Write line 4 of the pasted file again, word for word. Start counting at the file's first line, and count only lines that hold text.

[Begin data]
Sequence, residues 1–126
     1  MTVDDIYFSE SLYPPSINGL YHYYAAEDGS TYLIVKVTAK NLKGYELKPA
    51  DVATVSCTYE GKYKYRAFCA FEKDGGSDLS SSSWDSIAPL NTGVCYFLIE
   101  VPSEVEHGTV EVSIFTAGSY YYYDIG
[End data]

   101  VPSEVEHGTV EVSIFTAGSY YYYDIG